Earth Day clean-up in the Excelsior / Breed wants federal support for safe injection sites
It's Thursday, April 22nd.
Hey there, San Francisco. Happy Earth Day.
To celebrate, I went to the Excelsior and checked out one of the city’s “deep clean” initiatives in action. We covered the program (known officially as CleanCorridorsSF) last month, but as a refresher, San Francisco Public Works carries out these clean-ups in a different business district each week. Today’s took place on Mission Street between Persia and Silver.
What makes the program unique is its comprehensiveness. For around four hours, twenty workers or so descend on an area, picking up trash, steam cleaning sidewalks, weeding, tearing down signage on street posts, painting street posts, and removing graffiti. And while all this happens on the sidewalks, “flusher” trucks spewing water and suds are driving up and down the block. Street sweepers are close behind.
“It’s like a kind of choreography,” Public Works’ head spokesperson Rachel Gordon tells me.
It is impressive how good some of these folks are at their jobs. Gordon likened one steam cleaner to a “contortionist” for being able to reach seemingly unreachable spots. Another worker scrapped weeds out of a narrow sidewalk crack with ease.
I liked Justin, who’s picked up trash in San Francisco for 15 years and typically responds to 311 requests around the Sunset District. “It’s a great job,” he said. “It helps the city. It helps the people. I love it.”
The deep cleans are not cheap. The city spends $7,000 each time they happen, which Gordon maintained on Thursday mostly comes from personnel costs. CleanCorridorsSF is also not guaranteed to continue. Gordon said today’s clean-up in the Excelsior was the last until the program can secure more funding. She did seem confident that would happen soon, though.
I guess the big question with CleanCorridorsSF, or any trash effort really, is what happens when the crews leave? How long will it take for the trash to build up again?
Justin’s take on this was probably the best.
“I’ve been doing this for so long,” he said. “I just know that the trash is there, it’s not going anywhere, and so I might as well just deal with it.”
And with that, onto some news…
The Chronicle’s Trisha Thadani reported on Thursday that Mayor Breed, along with a group of mayors from across the country, wrote to the Biden Administration this week to ask for clarity around its stance on sites sanctioned for drug use.
The letter from the mayors said that the “threat of federal enforcement” was one of their “greatest disincentives” for opening safe injection sites in their cities.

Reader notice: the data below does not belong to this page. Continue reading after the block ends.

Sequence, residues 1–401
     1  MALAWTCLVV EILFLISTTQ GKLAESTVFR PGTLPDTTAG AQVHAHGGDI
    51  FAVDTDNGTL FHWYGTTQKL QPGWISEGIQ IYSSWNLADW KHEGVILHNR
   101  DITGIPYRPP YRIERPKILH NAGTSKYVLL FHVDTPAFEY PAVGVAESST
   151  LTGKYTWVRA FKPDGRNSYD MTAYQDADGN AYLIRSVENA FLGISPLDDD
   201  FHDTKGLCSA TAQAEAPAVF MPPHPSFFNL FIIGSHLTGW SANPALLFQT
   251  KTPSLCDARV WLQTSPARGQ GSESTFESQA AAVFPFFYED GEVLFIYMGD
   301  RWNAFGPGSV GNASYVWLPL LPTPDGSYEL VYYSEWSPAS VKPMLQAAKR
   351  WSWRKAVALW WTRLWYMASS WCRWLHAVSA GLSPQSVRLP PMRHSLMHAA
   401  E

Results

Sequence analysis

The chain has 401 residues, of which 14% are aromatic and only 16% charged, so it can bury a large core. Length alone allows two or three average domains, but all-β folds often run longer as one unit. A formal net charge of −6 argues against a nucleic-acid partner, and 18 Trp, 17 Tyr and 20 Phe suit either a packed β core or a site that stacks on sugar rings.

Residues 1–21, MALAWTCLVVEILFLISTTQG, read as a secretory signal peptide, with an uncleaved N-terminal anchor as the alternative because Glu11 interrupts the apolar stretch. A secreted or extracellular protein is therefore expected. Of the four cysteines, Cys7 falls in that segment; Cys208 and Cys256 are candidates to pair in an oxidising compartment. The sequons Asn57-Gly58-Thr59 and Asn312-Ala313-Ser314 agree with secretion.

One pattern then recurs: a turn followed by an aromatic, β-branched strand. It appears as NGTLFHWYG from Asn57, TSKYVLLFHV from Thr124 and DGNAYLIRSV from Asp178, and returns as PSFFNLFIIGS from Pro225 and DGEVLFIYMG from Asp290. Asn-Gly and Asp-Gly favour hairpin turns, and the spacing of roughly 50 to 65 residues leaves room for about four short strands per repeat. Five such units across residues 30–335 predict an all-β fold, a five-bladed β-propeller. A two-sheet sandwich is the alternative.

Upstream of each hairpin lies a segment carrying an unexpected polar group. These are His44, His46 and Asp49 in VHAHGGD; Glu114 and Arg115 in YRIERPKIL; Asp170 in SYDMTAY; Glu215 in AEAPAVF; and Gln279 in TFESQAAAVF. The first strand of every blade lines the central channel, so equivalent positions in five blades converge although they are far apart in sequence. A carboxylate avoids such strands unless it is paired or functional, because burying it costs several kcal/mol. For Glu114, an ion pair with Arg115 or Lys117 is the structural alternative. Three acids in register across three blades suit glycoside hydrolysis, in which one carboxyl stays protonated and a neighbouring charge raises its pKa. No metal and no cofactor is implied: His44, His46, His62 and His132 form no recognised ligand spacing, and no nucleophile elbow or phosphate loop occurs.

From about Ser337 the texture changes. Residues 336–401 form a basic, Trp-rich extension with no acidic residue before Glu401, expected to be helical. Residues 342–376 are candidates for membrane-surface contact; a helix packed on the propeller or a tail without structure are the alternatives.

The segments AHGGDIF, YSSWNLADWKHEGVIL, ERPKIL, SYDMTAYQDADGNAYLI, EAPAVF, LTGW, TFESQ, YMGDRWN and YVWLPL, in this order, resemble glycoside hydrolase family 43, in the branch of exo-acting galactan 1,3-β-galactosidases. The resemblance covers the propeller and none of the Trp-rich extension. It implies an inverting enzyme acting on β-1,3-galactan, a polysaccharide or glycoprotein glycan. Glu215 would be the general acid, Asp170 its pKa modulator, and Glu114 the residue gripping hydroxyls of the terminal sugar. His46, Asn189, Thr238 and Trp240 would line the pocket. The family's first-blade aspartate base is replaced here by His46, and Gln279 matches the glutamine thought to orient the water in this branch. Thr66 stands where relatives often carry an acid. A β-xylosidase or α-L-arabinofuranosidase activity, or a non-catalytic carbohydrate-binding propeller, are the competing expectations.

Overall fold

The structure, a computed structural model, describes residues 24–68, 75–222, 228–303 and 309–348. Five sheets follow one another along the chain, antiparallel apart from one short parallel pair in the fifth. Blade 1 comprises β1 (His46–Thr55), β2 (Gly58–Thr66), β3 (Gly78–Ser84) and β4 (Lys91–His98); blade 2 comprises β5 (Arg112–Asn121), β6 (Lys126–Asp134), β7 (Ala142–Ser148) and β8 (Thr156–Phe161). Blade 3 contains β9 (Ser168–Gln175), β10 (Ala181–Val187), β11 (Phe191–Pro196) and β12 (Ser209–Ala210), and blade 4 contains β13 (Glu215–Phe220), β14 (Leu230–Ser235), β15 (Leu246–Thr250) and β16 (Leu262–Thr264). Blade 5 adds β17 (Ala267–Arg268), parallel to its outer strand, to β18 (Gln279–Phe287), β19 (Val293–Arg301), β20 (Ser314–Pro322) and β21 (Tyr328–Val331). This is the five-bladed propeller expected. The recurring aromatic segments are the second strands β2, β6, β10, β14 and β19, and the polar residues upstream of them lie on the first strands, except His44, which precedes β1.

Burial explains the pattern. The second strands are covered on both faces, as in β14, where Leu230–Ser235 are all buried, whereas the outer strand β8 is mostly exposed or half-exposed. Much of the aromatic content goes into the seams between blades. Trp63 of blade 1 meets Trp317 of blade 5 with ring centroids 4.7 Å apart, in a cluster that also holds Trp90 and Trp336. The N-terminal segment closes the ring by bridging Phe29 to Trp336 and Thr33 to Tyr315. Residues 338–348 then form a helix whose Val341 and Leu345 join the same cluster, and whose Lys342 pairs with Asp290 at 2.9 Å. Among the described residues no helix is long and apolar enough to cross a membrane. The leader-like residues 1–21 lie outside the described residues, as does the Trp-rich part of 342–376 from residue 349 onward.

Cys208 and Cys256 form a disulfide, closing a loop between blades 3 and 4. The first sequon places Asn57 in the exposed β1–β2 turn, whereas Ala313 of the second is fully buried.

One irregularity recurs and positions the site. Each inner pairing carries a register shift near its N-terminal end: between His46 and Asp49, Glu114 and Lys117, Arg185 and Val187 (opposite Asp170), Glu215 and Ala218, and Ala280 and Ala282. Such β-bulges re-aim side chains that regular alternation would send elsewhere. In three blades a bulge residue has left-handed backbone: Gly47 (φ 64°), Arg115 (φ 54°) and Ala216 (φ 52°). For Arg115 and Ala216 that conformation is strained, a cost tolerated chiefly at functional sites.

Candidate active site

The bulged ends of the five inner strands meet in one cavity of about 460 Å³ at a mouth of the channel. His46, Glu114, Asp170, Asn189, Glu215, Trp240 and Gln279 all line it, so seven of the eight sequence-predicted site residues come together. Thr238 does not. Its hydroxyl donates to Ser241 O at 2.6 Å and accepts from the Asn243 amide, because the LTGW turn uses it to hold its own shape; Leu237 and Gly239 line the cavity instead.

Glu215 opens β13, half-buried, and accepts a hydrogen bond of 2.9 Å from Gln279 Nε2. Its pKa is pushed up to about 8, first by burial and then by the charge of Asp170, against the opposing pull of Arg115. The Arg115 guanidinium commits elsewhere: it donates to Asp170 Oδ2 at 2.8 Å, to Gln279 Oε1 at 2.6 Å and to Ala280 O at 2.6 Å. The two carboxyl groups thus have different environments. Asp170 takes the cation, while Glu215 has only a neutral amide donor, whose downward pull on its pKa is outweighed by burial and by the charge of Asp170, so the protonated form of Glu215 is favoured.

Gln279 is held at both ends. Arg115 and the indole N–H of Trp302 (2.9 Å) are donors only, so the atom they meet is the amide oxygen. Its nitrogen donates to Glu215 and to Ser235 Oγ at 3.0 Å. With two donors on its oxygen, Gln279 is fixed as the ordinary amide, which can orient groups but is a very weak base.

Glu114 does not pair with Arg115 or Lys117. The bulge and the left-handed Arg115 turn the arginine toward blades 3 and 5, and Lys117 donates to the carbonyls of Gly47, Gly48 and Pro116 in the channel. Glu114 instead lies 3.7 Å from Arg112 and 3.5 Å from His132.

“And we ask that you end that threat,” they wrote.
San Francisco has considered opening a safe injection site for years, and Mayor Breed even made it one of her campaign promises back in 2018.
Technically, the sites are still illegal in California, though State Senator Scott Wiener’s legislation, which would change that in San Francisco, Oakland, and Los Angeles, moved one step closer to passing this week.
🛣 The SFMTA said on Wednesday that the Van Ness Improvement Project, which was approved by voters back in 2003 and broke ground in 2016, should finally be completed by the end of this year. (Broke-Ass Stuart)
😔 A journalist unearthed Tucker Carlson’s 1991 Trinity College yearbook and found that the Fox News host listed being a part of the "Dan White Society." Dan White was the former San Francisco Supervisor who shot and killed then-Mayor George Moscone and Supervisor Harvey Milk in 1978. (SFist)
🐭 Researchers have suggested that house mice be eradicated from the Farallon Islands, in part, because they are spreading the of seeds invasive plants and attracting too many owls. (Examiner)
🏊 A local man swam to Alcatraz and back 400 times in four years. To mix things up, he’s now swimming in all sorts of directions to make art on his GPS watch. (SF Gate)
And finally… Here/Say Media put together a good video about the new La Cocina food hall in the Tenderloin, highlighting the female chefs behind Boug Cali, Los Cilantros, and Teranga. If you have five minutes or so, it’s worth a watch.
That’s all for today! Ah, but one shameless plug before you go. My wife Kelsey works for Impossible Foods and I thought they put together something cool today for Earth Day.
It’s called “The Birds and The Trees” (like, The Birds and The Bees) and it’s a guide for kids to talk to their parents about climate change. Pretty clever.
It’s obviously pro-meat-made-from-plants, but I thought (even for adults) it included some stats, myth busters, and links to articles about climate change that you might find helpful. If you’re interested in this stuff, enjoy.
Alright, talk soon. - Nick B.
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